I believed him. He forgave that kid but still allowed him to face justice. Forgiveness does not equate to a dismissal of ramifications for our actions. The same is true with God and us. When we ask God for forgiveness – believe that you receive it immediately … but it does not mean you won’t still face some consequences for whatever it was you asked forgiveness from… An example might be a drunk driver who kills someone in a crash. Just because God will forgive – does not mean that person no longer deserves punishment.
Loving our enemies is much the same. Let’s use the most extreme example of an enemy that we have today. ISIS. Evil men and women who have tortured and murdered hundreds, potentially thousands, of completely innocent hindus, jews, atheists, other muslims and Christians… How can we possibly love them? Does loving them preclude a call to seeing justice doled out? The quick, simple answer is NO. Loving them does not have to preclude justice.
Jesus made a statement in Matthew 26 that has become a favorite of pacifists … It was when he told a follower to put his sword away and he said, “all who take the sword will perish by the sword.” That’s an interesting statement. Actually more than just a statement it’s a good and accurate fact. Basically it’s like saying, “for you to die in a knife fight, you have to get into a knife fight.” So the logical advice would be… “You don’t want to die in knife fight? Don’t get into one.” That that is really good advice for everyone. That’s advice that ISIS members should have considered before they chose their path. They chose the sword.
Romans 13:1-7 says, “Let every person be subject to the governing authorities. For there is no authority except from God, and those that exist have been instituted by God. Therefore whoever resists the authorities resists what God has appointed, and those who resist will incur judgment. For rulers are not a terror to good conduct, but to bad. Would you have no fear of the one who is in authority? Then do what is good, and you will receive his approval, for he is God’s servant for your good. But if you do wrong, be afraid, for he does not bear the sword in vain. For he is the servant of God, an avenger who carries out God’s wrath on the wrongdoer. Therefore one must be in subjection, not only to avoid God’s wrath but also for the sake of conscience.”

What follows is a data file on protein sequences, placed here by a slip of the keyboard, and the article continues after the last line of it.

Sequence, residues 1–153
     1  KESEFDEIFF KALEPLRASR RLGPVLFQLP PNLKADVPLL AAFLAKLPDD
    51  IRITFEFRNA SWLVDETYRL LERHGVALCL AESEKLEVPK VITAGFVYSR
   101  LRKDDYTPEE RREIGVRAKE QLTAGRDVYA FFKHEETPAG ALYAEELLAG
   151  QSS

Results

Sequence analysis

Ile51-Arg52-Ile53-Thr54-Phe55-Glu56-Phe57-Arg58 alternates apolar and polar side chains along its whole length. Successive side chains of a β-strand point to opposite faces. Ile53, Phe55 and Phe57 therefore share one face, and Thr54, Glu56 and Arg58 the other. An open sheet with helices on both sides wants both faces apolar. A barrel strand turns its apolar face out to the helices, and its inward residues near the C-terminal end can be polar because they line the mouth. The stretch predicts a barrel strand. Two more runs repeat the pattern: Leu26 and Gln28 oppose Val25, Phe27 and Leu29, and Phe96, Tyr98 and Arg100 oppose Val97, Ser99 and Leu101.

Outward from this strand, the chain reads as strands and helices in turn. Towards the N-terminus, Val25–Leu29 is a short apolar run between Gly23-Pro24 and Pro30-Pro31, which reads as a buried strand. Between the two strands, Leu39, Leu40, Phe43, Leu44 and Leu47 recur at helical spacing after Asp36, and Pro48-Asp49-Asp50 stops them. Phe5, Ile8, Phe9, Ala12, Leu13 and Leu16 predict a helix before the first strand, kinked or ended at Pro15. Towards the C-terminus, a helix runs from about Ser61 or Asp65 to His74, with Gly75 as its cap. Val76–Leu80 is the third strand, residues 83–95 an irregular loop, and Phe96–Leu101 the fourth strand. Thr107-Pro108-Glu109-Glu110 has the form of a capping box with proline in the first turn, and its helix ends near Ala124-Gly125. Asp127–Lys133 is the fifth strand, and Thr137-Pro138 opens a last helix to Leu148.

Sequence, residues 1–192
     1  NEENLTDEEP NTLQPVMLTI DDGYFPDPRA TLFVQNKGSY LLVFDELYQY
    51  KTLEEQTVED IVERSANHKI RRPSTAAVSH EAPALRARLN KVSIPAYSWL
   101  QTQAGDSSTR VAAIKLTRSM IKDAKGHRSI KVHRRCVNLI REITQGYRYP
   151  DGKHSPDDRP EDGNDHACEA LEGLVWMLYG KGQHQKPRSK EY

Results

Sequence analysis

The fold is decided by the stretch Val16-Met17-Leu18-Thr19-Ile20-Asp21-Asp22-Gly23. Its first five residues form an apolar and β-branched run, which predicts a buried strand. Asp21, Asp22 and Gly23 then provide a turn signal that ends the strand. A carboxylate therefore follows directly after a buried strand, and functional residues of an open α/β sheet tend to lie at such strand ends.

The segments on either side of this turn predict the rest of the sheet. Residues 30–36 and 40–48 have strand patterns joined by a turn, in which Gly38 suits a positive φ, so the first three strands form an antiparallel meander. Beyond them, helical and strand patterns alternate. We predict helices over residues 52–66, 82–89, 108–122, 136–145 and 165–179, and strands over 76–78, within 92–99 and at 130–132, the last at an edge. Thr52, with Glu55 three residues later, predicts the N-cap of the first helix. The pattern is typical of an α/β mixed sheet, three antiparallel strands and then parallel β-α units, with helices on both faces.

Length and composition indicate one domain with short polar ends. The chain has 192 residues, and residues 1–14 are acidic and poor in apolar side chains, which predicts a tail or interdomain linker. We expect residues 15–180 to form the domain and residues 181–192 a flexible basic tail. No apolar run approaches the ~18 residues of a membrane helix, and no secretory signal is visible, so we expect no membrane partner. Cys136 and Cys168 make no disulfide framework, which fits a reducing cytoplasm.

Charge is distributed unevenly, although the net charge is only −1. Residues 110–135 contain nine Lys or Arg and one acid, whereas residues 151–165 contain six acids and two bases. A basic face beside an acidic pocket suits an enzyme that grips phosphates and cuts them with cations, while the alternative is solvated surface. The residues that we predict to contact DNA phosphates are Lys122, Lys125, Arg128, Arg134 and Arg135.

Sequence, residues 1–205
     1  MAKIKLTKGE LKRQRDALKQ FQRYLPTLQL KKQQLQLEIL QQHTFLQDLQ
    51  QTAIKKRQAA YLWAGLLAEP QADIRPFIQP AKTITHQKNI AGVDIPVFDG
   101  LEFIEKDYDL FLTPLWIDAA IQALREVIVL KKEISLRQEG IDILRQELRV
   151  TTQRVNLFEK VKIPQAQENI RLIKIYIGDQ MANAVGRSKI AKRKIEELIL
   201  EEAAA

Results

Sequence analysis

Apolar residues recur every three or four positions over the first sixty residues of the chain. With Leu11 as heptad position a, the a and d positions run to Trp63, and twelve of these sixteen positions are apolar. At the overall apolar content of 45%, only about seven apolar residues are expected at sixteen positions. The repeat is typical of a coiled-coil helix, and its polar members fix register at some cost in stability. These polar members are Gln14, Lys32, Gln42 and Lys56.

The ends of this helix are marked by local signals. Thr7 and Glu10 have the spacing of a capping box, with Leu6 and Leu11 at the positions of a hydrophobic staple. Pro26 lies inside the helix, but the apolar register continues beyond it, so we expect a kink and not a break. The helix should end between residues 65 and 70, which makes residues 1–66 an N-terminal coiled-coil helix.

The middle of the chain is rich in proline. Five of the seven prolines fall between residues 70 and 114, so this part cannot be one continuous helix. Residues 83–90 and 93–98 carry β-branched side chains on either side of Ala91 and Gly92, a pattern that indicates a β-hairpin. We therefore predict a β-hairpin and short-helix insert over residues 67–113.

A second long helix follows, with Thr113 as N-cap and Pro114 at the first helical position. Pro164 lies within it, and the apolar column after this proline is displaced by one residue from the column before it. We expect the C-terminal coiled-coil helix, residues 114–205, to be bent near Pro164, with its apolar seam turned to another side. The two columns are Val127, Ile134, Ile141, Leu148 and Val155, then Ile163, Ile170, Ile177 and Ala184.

Members of ISIS have chosen to make us their enemies. I believe that loving them is praying that their hearts are turned away from the hatred and bitterness they have embraced, to lay down their swords… Loving them is praying that they don’t choose to “take the sword” in the first place. But loving them can also include seeking that justice is attained… and that they are stopped from harming one more victim – at whatever cost required to stop them. Loving them can include the fact that their actions deserve justice and hopefully justice will be served very soon.
Loving an enemy is absolutely possible because love and justice can absolutely go hand in hand. Loving our enemies can include justice as they are not mutually exclusive of one another. We just have to guard our hearts to ensure that a search for justice does not turn to hatred, bitterness, anger, wrath… We have to carry a heavy reality that members of groups like ISIS will perish not knowing Jesus. Eternity is in the balance… and that carries a tremendous amount of weight. But they have made their choice the moment they pick up the sword.